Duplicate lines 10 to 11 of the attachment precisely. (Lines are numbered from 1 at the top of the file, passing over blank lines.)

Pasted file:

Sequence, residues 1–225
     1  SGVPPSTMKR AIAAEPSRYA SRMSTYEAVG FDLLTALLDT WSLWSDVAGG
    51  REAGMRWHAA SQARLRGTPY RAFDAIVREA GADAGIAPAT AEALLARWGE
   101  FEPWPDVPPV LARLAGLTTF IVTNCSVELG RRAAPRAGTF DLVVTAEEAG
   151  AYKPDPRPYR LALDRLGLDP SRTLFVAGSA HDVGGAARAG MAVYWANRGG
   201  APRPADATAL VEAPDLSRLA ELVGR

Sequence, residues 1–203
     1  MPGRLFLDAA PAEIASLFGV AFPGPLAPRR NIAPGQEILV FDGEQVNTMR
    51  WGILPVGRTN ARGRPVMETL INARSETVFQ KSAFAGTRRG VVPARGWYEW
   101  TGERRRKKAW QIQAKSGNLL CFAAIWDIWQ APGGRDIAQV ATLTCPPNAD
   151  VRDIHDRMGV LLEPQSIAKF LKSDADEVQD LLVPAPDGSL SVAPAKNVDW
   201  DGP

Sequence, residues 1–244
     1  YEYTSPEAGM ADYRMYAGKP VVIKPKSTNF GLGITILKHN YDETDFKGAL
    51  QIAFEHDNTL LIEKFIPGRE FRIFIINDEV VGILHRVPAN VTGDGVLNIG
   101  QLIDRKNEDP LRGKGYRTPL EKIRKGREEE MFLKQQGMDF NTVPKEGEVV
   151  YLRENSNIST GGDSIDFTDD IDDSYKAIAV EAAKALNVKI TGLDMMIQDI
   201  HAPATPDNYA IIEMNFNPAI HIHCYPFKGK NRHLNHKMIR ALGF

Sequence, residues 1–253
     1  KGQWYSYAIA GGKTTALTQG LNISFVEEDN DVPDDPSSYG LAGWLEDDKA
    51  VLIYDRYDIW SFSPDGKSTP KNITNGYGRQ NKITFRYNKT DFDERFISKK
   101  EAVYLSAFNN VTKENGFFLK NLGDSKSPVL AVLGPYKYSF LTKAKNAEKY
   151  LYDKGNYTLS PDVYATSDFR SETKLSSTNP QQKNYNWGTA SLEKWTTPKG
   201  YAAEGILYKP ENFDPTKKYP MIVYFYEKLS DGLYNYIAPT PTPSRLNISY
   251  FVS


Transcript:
   101  TGERRRKKAW QIQAKSGNLL CFAAIWDIWQ APGGRDIAQV ATLTCPPNAD
   151  VRDIHDRMGV LLEPQSIAKF LKSDADEVQD LLVPAPDGSL SVAPAKNVDW